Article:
Article

Preclinical and clinical development of pegylated interferon-lambda 1 in chronic hepatitis C

ZymoGenetics, Inc., Seattle, Washington 98101, USA.
Journal of interferon & cytokine research: the official journal of the International Society for Interferon and Cytokine Research (Impact Factor: 3.9). 08/2010; 30(8):591-5. DOI: 10.1089/jir.2010.0066
Source: PubMed

ABSTRACT Current treatment of chronic hepatitis C consists of pegylated interferon-alpha (PEG-IFN-alpha) in combination with ribavirin. This regimen is associated with adverse effects that can limit its use. PEG-IFN-lambda 1 (pegIFNlambda) is a novel IFN that shares many of the biological effects of IFN-alpha but may have fewer side effects due to its more selective receptor distribution. Preclinical data show that pegIFNlambda has antiviral activity against hepatitis C virus (HCV) but does not inhibit myeloid colony formation. A phase 1 study in healthy volunteers demonstrated that pegIFNlambda is well tolerated. Elevated liver enzymes resulted in a dose-limiting toxicity after a single dose of 7.5 microg/kg, the highest dose tested. A phase 1b study in genotype 1 HCV patients who either relapsed after IFN-alpha therapy or naive to therapy was initiated. Interim data from the treatment relapse subset showed viral load reductions of 2.3 to 4.0 logs when pegIFNlambda was administered weekly as a single agent with or without ribavirin for up to 4 weeks. Drug-related side effects included elevation of liver enzymes. Decreases in hemoglobin were observed only in patients receiving ribavirin. Constitutional symptoms appeared lower than historical data for PEG-IFN-alpha. These results form the basis of further development of pegIFNlambda as a novel treatment for chronic hepatitis C.

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    • "Whereas the IFNL1, -L2 and -L3 genes were described in 2003 (Kotenko et al, 2003; Sheppard et al, 2003), the IFNL4 gene was described recently and the IFNL4 gene has been inactivated in large part of the human population by a frameshift mutation (Prokunina-Olsson et al, 2013). Phase 2 of clinical trials using pegylated IFNl1 against hepatitis C virus (HCV) infection has recently been completed (Ramos, 2010), and it has now entered the phase 3 trials. IFNls are interesting pharmaceuticals, as the rather specific expression pattern of the IFNlR1 receptor should reduce the adverse effects compared to the type I IFN treatment. "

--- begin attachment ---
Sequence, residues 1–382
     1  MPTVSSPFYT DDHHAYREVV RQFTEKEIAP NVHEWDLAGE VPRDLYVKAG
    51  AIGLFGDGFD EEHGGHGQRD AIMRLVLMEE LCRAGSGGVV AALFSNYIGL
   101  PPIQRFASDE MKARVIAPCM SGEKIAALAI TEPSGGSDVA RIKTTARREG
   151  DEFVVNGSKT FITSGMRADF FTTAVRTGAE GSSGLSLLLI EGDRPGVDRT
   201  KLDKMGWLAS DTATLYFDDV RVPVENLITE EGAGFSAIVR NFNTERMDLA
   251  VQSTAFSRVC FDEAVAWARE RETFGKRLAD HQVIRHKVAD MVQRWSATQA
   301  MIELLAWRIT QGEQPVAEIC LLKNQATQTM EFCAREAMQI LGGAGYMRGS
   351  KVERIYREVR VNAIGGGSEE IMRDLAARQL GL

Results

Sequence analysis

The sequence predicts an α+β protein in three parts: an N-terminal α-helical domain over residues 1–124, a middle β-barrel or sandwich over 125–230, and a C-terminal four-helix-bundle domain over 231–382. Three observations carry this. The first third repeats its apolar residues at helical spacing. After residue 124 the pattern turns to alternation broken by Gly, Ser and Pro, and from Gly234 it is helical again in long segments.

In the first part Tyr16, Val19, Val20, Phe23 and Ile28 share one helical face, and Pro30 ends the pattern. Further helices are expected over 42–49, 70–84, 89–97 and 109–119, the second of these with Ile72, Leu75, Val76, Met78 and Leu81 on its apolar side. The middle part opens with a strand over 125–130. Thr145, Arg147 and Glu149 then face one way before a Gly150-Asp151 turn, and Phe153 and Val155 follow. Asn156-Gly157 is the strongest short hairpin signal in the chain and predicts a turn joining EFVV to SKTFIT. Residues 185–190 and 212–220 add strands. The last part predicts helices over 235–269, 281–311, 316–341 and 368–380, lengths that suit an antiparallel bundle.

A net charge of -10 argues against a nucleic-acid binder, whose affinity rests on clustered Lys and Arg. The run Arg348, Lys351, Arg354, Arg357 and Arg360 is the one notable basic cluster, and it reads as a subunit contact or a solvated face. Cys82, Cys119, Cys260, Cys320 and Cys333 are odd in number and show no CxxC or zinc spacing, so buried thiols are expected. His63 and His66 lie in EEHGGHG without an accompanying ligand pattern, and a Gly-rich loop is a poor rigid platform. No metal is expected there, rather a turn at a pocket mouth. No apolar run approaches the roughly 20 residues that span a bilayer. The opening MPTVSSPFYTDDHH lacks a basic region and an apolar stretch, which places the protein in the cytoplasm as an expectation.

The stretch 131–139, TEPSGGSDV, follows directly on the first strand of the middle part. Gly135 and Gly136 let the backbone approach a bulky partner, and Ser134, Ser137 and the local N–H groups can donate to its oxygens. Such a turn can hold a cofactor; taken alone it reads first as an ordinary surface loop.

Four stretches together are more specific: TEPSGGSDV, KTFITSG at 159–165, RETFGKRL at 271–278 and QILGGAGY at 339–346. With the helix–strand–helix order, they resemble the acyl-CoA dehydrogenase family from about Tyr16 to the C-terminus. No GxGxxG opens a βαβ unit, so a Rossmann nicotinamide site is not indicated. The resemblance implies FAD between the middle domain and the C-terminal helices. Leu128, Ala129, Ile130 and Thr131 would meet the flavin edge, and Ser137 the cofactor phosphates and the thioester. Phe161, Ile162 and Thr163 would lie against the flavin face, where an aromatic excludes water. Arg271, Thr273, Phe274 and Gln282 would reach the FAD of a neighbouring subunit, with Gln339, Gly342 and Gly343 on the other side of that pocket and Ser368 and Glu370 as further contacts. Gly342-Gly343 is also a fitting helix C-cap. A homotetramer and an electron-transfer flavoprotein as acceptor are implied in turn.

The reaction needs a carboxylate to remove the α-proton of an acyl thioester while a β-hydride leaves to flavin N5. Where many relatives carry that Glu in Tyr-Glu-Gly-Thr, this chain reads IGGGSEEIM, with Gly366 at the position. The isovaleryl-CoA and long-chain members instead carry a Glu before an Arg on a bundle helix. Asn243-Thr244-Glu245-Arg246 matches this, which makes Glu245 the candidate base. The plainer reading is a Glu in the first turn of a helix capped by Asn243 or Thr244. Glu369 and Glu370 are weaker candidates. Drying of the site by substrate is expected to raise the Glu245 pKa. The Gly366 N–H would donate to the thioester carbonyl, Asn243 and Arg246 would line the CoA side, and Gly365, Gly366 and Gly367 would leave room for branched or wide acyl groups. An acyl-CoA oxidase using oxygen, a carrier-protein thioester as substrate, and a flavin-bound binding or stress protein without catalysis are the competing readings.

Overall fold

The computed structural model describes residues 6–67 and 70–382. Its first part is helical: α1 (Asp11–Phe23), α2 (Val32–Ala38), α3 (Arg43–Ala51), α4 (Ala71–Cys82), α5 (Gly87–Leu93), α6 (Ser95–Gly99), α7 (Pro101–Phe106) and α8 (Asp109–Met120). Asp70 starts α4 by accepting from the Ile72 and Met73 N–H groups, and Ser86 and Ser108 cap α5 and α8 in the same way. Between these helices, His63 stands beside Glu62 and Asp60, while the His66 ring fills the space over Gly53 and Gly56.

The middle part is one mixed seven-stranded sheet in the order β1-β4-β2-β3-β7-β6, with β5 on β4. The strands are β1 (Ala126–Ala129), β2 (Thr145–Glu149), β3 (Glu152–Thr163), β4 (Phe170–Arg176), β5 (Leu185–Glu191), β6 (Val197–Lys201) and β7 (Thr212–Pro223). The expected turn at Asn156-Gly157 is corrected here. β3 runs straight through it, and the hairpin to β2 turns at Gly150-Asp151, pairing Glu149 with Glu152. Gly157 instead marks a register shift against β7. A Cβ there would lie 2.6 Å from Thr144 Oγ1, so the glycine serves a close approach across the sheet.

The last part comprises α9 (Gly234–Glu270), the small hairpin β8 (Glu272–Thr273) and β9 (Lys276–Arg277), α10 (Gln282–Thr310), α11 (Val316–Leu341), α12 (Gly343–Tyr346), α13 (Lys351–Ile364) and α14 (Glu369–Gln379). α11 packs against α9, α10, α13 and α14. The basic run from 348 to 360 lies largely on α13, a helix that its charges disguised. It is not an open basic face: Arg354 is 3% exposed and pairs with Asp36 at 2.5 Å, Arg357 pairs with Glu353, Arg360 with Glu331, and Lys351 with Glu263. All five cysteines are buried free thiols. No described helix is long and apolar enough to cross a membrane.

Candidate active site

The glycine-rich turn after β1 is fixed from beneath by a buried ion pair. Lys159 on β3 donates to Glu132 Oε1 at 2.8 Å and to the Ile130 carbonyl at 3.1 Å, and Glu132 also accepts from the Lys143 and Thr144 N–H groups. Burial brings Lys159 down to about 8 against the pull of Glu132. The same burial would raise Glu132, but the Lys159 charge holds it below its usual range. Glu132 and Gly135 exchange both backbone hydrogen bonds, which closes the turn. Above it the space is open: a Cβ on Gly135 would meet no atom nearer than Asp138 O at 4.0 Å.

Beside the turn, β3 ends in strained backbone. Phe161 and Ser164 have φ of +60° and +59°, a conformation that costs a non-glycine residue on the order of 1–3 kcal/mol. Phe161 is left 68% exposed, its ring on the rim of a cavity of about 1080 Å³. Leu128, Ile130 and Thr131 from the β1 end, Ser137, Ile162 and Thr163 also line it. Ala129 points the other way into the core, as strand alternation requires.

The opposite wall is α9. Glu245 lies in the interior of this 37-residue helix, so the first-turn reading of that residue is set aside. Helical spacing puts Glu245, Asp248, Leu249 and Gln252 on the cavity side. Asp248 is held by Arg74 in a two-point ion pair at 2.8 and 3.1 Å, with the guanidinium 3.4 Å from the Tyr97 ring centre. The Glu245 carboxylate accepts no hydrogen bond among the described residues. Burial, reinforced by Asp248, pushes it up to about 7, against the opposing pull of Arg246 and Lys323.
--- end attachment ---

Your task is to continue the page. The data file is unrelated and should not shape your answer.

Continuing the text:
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    • "The first use of IFNλ in clinical setting has started for hepatitis C: pegylated rHu IFNλ (PEG-IFNλ) has now been evaluated in two phase 1 clinical trials [28] [29]. The initial phase 1A study was designed to evaluate the safety, tolerability, pharmacokinetic, and pharmacodynamic activity of a single dose of PEG-IFNλ in healthy volunteers; a few participants developed reversible, dose-related increases in liver transaminases, but PEG-IFNλ did not induce fever, fatigue, or any overt haematological changes [28]. The phase 1B study has been conducted in patients with chronic genotype 1 HCV infection, mostly non responders to PEG-IFN/RBV therapy; PEG-IFNλ induced significant decreases in the levels of HCV, was well tolerated, and did not induce any significant haematological toxicities such as neutropenia, thrombocytopenia, or anemia [29]. "
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    • "They also discuss the differential expression of IFN-lR1 and IL-10R2 by various cell types, and provide data that shows that primary human hepatocytes express significant levels of the IFN-lR1 and IL-10R2 genes. These findings compliment the review by Eleanor Ramos (2010) in which she discusses the preclinical rationale for the use of pegylated-recombinant hIFN-l1 as a novel therapeutic agent for the treatment of chronic HCV infection. She also discusses the results of the initial Phase-1 clinical studies of IFN-l1 in patients with chronic HCV infection. "
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